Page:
One of the biggest concerns our clients have is that the government will forcibly convert all their assets into a central bank digital currency (CBDC) over which the government has total control. Almost every central bank in the world, including the Federal Reserve, has expressed interest in developing a CBDC.
Moreover, critics of CBDCs seem to believe they’ll be foisted upon an unsuspecting public virtually overnight, perhaps as a substitute for cash or even for banks themselves.
We don’t think that’s how it will happen. We think their deployment will occur via incentives to use them, rather than having them forced upon anyone. The carrot, not the stick. That’s especially true in wealthy industrialized democracies like the United States.
But perhaps we’re getting a bit ahead of ourselves. So, let’s first define a CBDC. The Federal Reserve, in a research paper it published in early 2022, gives us this working definition:
…a digital liability of a central bank that is widely available to the general public. In this respect, it is analogous to a digital form of paper money.
Neither digital money nor central bank liabilities are anything new. Indeed, the vast majority of money circulating today exists only in digital form and can be created by any commercial bank in the form of a loan.
And as the Fed’s definition implies, paper money is a liability of a central bank. For instance, every denomination of cash circulating today in the United States displays the legend, “Federal Reserve Note.”
The Fed’s research paper goes on to analyze deficiencies in payment settlement systems which force millions of Americans to rely on costly financial services such as check-cashing services and payday loans. It also introduces a Fed service called FedNow, which will begin operations in July 2023. FedNow is designed to settle payments in seconds and can support transactions between consumers, merchants, and banks.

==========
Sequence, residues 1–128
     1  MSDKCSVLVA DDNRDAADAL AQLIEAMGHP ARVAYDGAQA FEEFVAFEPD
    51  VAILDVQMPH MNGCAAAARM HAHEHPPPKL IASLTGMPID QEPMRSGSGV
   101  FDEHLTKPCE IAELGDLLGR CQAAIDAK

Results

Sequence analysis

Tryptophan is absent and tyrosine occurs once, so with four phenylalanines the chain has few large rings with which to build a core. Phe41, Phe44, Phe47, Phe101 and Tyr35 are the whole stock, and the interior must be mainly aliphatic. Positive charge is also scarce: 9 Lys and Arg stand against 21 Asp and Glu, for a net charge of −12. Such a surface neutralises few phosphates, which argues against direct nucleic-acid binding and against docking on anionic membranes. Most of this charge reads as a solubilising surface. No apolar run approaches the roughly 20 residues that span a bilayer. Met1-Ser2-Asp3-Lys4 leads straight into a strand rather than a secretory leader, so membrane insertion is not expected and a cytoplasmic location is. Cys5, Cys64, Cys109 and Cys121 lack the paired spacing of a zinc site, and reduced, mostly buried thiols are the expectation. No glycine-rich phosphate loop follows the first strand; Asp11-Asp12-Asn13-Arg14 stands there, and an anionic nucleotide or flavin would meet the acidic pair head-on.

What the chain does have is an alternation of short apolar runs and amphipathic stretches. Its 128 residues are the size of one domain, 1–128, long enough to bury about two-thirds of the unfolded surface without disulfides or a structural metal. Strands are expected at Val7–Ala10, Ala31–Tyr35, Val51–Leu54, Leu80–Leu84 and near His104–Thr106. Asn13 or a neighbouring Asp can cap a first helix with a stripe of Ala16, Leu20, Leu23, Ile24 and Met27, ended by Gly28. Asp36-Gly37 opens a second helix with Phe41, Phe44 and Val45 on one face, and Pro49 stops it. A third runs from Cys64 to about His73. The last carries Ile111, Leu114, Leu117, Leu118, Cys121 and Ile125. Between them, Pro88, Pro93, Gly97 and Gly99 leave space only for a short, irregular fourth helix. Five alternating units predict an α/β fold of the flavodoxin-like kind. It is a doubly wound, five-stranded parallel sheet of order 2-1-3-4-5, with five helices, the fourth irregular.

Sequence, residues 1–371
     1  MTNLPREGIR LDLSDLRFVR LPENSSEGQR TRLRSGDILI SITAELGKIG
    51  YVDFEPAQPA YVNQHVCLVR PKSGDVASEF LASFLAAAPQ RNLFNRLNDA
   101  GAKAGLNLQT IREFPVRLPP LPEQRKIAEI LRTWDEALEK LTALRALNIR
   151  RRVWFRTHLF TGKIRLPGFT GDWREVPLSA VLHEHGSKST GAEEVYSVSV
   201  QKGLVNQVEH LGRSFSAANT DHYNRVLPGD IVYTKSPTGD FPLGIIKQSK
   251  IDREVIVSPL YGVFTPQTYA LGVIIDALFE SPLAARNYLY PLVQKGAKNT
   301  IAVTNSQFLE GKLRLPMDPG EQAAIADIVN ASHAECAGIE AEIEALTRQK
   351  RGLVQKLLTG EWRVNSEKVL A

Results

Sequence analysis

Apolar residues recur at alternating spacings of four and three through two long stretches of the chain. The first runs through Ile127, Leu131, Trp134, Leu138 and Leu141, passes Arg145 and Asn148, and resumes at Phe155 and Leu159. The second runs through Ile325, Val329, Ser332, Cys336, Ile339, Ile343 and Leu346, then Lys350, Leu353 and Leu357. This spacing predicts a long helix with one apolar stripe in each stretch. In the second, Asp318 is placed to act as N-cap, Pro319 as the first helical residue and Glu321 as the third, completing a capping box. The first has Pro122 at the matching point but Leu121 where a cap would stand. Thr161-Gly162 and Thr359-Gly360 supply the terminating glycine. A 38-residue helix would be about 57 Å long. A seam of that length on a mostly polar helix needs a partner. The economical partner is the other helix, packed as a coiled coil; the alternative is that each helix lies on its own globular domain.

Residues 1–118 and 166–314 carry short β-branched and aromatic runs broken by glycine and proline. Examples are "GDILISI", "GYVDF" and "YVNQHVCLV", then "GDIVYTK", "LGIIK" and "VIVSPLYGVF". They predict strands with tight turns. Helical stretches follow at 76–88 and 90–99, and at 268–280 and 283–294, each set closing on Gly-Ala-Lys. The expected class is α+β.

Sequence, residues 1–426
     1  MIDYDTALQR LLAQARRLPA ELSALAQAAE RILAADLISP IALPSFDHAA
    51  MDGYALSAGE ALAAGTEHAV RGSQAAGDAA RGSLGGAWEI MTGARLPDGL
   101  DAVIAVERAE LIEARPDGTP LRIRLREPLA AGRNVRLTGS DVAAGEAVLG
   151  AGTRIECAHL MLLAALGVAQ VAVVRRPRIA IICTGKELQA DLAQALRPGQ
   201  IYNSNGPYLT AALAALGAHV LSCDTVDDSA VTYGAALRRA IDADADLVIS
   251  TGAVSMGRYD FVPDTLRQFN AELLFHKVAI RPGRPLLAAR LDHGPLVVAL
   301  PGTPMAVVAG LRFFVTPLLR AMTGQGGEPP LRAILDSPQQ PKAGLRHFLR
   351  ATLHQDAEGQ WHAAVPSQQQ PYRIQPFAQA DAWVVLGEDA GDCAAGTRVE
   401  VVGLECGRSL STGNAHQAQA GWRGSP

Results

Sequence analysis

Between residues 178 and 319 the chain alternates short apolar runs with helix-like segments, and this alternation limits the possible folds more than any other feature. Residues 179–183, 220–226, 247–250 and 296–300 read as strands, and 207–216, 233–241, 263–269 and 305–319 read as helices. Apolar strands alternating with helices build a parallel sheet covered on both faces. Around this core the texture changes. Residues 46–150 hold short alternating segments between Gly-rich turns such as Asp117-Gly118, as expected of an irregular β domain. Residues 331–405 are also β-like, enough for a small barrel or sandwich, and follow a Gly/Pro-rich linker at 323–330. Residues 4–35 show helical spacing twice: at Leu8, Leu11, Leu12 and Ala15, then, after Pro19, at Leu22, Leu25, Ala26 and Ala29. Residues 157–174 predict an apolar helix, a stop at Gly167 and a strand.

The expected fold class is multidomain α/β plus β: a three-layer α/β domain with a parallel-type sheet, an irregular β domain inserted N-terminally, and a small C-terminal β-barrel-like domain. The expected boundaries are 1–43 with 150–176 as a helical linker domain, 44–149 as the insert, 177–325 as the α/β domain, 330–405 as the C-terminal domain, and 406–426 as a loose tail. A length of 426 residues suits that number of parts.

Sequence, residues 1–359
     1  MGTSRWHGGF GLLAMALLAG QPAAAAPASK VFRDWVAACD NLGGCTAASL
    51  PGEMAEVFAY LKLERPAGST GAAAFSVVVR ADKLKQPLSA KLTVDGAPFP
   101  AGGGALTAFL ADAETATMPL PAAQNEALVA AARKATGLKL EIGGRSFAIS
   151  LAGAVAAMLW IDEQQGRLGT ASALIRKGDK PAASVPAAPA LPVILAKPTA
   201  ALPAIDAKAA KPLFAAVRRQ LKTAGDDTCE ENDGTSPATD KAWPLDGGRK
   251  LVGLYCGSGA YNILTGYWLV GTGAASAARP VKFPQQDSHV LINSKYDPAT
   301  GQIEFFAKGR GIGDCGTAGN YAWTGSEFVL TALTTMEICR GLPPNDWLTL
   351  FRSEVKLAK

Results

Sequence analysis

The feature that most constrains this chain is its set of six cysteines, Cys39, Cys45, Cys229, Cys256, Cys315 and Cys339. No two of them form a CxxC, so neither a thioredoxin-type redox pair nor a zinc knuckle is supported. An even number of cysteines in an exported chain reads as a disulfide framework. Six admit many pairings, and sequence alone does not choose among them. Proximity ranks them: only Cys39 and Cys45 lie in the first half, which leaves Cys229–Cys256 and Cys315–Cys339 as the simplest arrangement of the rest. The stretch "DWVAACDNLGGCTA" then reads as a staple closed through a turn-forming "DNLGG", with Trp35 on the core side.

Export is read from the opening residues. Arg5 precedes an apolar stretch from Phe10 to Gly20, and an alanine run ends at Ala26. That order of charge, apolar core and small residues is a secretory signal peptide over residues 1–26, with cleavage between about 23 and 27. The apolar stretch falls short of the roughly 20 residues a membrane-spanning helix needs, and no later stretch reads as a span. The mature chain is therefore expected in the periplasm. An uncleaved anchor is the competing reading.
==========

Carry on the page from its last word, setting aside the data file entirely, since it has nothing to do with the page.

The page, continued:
While the Fed is not representing FedNow as a CBDC, insiders believe that FedNow could “stand in place of a central-bank-issued digital currency” and that it constitutes the technological underpinning for one. This is due to how funds will flow within the system, with money being sent from a commercial bank through a Fed account to its ultimate recipient.
And here’s where things begin to get, shall we say, “interesting.”
It turns out that commercial banks have already developed products similar to FedNow. But they’ve now largely been shut down by the Fed and other regulatory agencies.
For instance, Silvergate Bank, which voluntarily shut down in early March, had a payment app called the Silvergate Exchange Network (SEN). That app permitted instant payment settlements between investors and cryptocurrency exchanges. Meanwhile, Signature Bank, another financial institution that shut down in March, offered an innovative payments system called SigNet. It relied on a “tokenized” representation of US dollars to again facilitate instant settlements anytime, day or night.
The near simultaneous shuttering of these banks in March led venture capitalist Nic Carter to conclude that the Uncle Sam deliberately orchestrated their collapse.
The evidence that Carter lays out, and the sequence of events we summarized in this article a few weeks ago, is persuasive. But it’s also possible to interpret the actions of the Fed and other regulatory agencies as simply attempting to prevent the collapse of dozens of cryptocurrencies, crypto exchanges, and associated crypto businesses, from spreading into the mainstream economy.
It’s also hard to visualize a situation in which the Fed would deliberately introduce a CBDC that is “widely available to the general public.” This is because there’s an inherent tension between the widespread adoption of CBDCs and the health of the US banking system.